Background: According to studies depression and depressive symptoms are more prevalent in females than in males. It is possible, however, that instruments meant to measure depressiveness are gender-biased.
Method: This was studied by comparing two screening instruments (the Beck Depression Inventory (BDI) and the Depression Scale (DEPS) within the same population. The study sample consisted of 330 subjects taken from general population in south-western part of Finland.
Results: The mean BDI scores were borderline higher in females than in males, with no gender difference in DEPS scores. The difference between BDI and DEPS scores was significant between genders but not for other variables. Crying and lost interest in sex were the items on which females scored higher.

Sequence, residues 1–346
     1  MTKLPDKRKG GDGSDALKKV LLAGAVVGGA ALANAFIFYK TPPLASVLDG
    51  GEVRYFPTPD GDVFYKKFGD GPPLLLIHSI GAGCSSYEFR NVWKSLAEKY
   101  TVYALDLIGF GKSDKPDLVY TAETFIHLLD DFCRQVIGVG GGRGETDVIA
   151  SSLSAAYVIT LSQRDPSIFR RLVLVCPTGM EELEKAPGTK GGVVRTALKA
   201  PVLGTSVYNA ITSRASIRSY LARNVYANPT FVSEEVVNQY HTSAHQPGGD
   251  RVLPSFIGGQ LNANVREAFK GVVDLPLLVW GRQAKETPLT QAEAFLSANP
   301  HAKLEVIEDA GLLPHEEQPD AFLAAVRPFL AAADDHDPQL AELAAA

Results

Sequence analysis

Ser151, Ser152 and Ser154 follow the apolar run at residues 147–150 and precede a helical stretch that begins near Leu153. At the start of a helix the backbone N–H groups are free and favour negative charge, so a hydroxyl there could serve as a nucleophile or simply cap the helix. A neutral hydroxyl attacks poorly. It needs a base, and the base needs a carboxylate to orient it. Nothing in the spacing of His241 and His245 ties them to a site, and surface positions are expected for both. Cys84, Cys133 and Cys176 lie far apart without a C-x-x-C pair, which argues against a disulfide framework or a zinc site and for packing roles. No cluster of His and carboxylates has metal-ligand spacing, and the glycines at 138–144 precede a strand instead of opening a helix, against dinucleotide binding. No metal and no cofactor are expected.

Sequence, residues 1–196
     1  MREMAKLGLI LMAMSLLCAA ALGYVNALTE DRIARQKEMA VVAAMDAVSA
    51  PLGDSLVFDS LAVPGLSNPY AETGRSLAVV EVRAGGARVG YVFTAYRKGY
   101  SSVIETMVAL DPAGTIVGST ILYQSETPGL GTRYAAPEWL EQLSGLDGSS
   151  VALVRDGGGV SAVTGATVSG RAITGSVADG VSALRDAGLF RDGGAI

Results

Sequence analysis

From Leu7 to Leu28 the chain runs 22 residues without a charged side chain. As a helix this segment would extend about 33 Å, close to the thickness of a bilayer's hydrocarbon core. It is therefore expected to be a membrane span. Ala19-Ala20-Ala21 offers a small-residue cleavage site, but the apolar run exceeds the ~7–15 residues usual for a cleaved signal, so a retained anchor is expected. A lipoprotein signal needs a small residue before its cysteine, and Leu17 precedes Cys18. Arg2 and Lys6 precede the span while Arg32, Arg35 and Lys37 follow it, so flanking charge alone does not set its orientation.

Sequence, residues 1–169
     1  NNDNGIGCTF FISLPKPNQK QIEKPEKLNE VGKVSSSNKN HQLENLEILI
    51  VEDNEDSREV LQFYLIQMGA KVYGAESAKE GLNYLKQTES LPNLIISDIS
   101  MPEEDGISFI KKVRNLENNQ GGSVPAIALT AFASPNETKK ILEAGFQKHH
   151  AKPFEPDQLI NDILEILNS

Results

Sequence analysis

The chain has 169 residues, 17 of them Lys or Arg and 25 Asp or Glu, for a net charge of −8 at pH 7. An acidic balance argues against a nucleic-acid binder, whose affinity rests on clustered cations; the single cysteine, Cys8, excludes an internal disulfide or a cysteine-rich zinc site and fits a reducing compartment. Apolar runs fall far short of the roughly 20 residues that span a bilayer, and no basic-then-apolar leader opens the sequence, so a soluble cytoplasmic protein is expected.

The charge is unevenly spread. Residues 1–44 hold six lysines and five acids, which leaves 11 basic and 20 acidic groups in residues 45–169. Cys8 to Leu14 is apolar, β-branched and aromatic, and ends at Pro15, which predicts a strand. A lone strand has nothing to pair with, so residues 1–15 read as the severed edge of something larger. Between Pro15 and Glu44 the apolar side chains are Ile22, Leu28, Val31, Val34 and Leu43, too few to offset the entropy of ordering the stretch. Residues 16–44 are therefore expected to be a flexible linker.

Conclusions: It has been argued that these items, crying and lost interest in sex, are biologically, psychologically and culturally related to female gender and, therefore, give gender-biased results in measuring depressiveness.
Clinical implications: It is important to realise that some instruments meant for screening depression may include gender-biased items and therefore give too high scores of depressiveness in females.
Limitations: The study is based on self-filled scales and its results cannot, therefore, be directly generalised to clinical depression.